People have diverse mowing needs, from tidy little patches of grass to rough-and-tumble rural properties. We anticipate these varying needs by testing accordingly.

Our specimen grasses vary from soft and thick bluegrass and fine fescues, to perennial ryes that are bit more wiry. We mow flats, washboard surfaces, uphill, downhill, and sidehill. We mow tall grass and weeds. We cut areas that are immaculate and we mow the rim of a retention basin, and a humongous rough area that is under the flight path to a small airport. Every feature and accessory on every machine gets a thorough workout. We mulch, bag, and side discharge. We raise and lower decks, check the controls for their comfort and whether they are intuitive. Anybody should be able to get behind any mower and mow safely without a lot of instruction.

We also check for a neatly mowed surface. We cut a section and lie on the grass and sight along the top of the surface of the grass to get a better sense of the finished product.

These tests are long, hot, tiring, and repetitive. We’re confident our research will lead you to the right mower, regardless whether your lawn is like a putting green or more like our retention basin. Below are the mowers we recommend, followed by buying advice to help you select the right one for your needs.

This is Ryobi’s top-of-the-line mower, and its American-made construction is something we wish we saw more of. It delivers a tremendous cut area with its two (6 Ah) batteries providing a total of 12 Ah of capacity, and its X-shaped blade leaves a pristine surface in its wake. Ryobi estimates the design should provide 70 minutes of run time; we didn’t time our cut, but it strikes as plausible. Its rear-wheel drive and reasonably aggressive tread pattern provide good hill climbing and sidehill cutting performance, and its bagging on all surfaces (level, sidehill, and uphill) is also commendable. Other ease-of-use features include an easily installed or removed bag that mounts and dismounts straight up and down through the handle; deck adjustment is quick and easy thanks to a single-lever deck height adjustment. The straight edge deck is polypropylene; it will never rust and needs very little care other than basic cleaning.

If you want a mower that that delivers you an ice latte while you cut, stop reading this review. The Echo mower reviewed here is a rugged self-propelled workhorse built to cut grass, take it or leave it. If that’s what you want, keep reading. Echo, headquartered in the Midwest, is well known for building such equipment. It’s been doing this for decades and we’ve got decades of experience testing this brand so we’re speaking from experience. This 56-volt mower delivers an exceptional cut, some of the best bagging in this test, and simple operation. We mulched, side discharged and bagged with the Echo, and it passed each test handily, also climbing hills and slogging through tall grass and weeds. It comes with a 5-Ah battery and a second bay for another battery, if you want to extend its run time (also a great incentive to buy one of its other superb battery-powered machines). Simply put, the Echo is very nearly a gas engine mower, and the company tells us that it has no intention of building a latte-mixing machine anytime soon. That suits us, as does this mower.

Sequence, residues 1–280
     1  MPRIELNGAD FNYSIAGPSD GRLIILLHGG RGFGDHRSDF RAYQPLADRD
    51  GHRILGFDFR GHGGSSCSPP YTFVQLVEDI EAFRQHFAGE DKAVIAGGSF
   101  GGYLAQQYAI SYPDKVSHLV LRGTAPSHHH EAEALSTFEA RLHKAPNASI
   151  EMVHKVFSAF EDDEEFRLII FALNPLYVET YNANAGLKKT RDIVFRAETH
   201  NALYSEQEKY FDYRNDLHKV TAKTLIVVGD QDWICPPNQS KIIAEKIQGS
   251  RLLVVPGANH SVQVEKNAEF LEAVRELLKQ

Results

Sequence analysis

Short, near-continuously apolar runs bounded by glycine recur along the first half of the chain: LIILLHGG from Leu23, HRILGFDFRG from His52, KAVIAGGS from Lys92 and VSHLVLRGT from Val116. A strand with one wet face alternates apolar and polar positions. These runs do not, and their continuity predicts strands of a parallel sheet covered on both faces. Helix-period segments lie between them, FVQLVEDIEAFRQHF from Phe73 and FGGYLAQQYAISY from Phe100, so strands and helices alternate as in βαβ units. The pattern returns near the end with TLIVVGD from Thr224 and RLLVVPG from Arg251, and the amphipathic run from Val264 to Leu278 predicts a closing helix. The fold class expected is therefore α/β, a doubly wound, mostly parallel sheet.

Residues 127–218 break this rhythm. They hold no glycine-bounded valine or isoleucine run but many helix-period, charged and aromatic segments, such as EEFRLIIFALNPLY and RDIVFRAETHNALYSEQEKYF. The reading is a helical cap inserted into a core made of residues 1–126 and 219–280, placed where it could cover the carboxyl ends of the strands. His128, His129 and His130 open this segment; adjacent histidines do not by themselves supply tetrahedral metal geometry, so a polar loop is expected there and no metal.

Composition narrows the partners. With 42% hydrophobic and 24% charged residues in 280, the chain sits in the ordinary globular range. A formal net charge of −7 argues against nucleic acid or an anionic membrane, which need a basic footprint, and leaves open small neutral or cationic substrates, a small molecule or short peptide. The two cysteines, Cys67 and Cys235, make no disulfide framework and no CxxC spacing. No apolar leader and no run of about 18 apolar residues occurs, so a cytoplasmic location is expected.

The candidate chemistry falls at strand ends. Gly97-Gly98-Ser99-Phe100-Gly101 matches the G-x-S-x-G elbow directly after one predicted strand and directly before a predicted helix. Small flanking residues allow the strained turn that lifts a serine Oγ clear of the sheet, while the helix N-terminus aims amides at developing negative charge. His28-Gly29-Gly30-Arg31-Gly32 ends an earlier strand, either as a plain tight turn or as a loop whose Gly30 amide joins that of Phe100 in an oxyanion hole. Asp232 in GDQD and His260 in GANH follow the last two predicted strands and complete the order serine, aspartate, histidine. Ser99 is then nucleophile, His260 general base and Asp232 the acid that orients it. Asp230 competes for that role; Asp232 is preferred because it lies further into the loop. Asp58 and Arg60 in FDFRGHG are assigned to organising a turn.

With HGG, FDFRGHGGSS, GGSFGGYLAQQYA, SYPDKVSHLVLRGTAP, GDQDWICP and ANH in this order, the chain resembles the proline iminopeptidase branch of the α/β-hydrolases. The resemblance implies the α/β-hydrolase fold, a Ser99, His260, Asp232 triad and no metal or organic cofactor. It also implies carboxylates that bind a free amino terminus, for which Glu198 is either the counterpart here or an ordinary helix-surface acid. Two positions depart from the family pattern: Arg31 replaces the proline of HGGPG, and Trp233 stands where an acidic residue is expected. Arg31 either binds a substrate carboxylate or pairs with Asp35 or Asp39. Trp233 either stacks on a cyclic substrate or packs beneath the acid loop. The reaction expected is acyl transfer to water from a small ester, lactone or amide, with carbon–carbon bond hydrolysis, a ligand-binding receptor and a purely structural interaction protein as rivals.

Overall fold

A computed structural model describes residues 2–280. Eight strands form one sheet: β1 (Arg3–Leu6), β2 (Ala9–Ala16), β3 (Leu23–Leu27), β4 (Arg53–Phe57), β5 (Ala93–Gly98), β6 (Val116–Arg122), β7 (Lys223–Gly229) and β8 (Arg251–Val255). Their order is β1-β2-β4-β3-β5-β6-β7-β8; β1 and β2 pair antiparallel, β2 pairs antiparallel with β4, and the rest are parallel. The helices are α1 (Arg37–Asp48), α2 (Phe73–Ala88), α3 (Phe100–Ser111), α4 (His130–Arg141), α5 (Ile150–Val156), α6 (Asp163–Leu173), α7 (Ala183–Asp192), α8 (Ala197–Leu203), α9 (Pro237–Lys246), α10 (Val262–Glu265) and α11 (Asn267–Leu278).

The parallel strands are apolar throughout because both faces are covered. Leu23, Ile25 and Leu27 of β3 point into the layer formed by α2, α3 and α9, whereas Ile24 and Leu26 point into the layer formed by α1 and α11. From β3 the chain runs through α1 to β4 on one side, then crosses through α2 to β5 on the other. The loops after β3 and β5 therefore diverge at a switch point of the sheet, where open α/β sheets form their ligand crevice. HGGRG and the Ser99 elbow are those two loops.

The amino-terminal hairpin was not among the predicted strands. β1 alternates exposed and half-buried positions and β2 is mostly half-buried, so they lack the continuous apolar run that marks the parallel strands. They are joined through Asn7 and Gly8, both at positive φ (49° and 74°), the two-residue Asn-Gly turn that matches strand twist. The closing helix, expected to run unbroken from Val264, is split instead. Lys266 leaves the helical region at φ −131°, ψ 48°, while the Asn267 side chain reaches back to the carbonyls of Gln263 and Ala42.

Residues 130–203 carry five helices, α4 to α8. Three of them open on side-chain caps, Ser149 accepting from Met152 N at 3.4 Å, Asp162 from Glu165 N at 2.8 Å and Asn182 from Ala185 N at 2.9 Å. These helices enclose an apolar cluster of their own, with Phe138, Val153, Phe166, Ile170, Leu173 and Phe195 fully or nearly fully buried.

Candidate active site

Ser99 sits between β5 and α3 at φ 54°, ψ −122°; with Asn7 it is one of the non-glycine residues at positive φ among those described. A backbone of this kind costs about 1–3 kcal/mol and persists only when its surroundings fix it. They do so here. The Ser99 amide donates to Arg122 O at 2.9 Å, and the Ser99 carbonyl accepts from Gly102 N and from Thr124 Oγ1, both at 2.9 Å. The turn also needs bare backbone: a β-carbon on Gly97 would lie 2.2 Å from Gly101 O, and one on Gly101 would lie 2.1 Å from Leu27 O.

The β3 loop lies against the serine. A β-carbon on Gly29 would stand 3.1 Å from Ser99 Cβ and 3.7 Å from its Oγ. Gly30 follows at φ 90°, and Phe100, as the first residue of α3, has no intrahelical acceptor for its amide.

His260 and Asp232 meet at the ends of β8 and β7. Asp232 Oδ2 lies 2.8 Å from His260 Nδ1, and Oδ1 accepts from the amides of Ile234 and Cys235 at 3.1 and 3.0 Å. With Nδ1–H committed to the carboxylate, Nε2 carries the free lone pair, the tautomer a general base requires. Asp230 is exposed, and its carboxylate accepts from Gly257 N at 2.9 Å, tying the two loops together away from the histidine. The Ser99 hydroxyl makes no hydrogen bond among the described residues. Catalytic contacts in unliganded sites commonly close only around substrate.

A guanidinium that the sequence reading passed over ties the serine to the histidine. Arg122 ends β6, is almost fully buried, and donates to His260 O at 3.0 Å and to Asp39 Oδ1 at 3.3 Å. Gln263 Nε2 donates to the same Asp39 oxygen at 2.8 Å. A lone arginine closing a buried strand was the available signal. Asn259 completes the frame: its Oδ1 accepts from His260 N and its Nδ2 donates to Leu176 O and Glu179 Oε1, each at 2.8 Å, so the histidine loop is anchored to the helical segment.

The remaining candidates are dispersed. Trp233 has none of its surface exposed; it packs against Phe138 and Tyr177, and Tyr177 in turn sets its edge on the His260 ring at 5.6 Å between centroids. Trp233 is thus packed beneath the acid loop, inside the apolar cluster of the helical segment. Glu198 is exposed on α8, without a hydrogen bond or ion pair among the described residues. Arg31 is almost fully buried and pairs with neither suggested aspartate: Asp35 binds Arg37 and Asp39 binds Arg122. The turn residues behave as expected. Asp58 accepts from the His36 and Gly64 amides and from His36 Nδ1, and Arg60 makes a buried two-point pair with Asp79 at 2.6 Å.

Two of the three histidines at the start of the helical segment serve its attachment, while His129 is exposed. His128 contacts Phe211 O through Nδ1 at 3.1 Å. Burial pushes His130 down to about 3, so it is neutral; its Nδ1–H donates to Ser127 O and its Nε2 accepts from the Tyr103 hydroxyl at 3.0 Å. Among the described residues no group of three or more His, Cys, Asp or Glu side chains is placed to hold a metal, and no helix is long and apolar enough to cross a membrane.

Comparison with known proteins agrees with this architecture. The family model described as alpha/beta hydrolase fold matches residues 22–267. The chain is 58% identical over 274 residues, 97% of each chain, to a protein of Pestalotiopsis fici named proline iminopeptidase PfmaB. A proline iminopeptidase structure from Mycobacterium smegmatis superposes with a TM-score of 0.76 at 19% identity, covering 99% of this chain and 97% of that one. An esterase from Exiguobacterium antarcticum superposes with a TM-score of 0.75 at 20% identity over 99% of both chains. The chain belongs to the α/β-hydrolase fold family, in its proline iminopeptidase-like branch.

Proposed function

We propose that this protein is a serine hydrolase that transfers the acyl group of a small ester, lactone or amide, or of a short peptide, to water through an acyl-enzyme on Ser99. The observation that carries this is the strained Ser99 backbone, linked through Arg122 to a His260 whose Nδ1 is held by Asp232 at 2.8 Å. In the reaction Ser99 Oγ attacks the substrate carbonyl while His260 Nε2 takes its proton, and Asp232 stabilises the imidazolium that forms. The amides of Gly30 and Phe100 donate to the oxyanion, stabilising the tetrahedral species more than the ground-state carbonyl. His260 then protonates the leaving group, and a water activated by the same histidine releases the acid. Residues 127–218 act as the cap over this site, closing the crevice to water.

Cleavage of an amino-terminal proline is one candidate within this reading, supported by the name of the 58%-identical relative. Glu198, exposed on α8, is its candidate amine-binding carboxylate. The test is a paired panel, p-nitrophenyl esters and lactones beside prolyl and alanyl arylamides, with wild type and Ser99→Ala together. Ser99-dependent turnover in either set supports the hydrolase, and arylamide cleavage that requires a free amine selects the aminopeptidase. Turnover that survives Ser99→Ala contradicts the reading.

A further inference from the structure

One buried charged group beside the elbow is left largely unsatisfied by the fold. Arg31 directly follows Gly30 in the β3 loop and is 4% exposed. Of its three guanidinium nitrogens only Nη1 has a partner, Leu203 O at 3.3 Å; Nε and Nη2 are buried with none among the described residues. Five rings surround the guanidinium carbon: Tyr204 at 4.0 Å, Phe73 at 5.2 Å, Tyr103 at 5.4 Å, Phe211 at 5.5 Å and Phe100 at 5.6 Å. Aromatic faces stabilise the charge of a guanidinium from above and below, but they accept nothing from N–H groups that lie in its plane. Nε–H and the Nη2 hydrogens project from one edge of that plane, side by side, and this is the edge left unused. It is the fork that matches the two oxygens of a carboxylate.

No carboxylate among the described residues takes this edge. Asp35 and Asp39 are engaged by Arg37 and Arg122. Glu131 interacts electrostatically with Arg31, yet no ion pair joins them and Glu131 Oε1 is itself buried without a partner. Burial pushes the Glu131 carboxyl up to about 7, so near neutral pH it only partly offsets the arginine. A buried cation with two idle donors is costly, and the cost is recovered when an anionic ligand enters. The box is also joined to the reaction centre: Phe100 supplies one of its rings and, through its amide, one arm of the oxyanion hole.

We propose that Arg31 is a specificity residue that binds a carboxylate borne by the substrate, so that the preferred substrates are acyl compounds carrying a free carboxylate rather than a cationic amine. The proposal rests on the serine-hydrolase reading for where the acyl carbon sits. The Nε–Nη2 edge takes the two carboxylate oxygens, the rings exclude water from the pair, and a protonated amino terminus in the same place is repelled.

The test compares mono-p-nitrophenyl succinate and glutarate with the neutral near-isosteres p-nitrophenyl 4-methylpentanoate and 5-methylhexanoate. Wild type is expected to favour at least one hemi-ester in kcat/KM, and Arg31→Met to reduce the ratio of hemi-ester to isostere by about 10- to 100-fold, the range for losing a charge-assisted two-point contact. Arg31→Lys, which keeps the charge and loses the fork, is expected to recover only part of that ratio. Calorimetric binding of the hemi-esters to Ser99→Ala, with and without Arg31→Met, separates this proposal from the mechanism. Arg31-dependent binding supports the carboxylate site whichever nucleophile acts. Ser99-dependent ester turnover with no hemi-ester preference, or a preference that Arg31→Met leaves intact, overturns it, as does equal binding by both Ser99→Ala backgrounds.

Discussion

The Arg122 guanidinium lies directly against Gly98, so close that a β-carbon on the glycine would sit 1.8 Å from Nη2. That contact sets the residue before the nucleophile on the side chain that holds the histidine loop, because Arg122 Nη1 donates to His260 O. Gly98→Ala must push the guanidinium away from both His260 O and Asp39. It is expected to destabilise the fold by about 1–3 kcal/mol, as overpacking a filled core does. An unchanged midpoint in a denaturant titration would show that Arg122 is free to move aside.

Every mower, to one extent or another, delivers lawn striping as it cuts, but if you want to emphasize the stripe, Toro built this mower for you. The Toro’s does its work at a leisurely pace, leaving stripes that were conspicuous compared to the test zones for other mowers. It accomplishes this with a 3/4-inch-diameter steel roller at the rear of the mower and an X-shaped mulching blade. The two work in tandem to deliver a razor-smooth cut and a velvet-like stripe. Other features: two-lever height adjustment, a massive 7.5-Ah battery complete with a handle (we wish other big batteries had that), and the same fold-forward handle with stand-on-end design that Toro pioneered. Every single Toro mower that we’ve ever tested has been a superb grass cutter, and this one continues that long tradition, we’re both pleased and relieved to say. It’s an unbroken winning streak, or in this case, a stripe.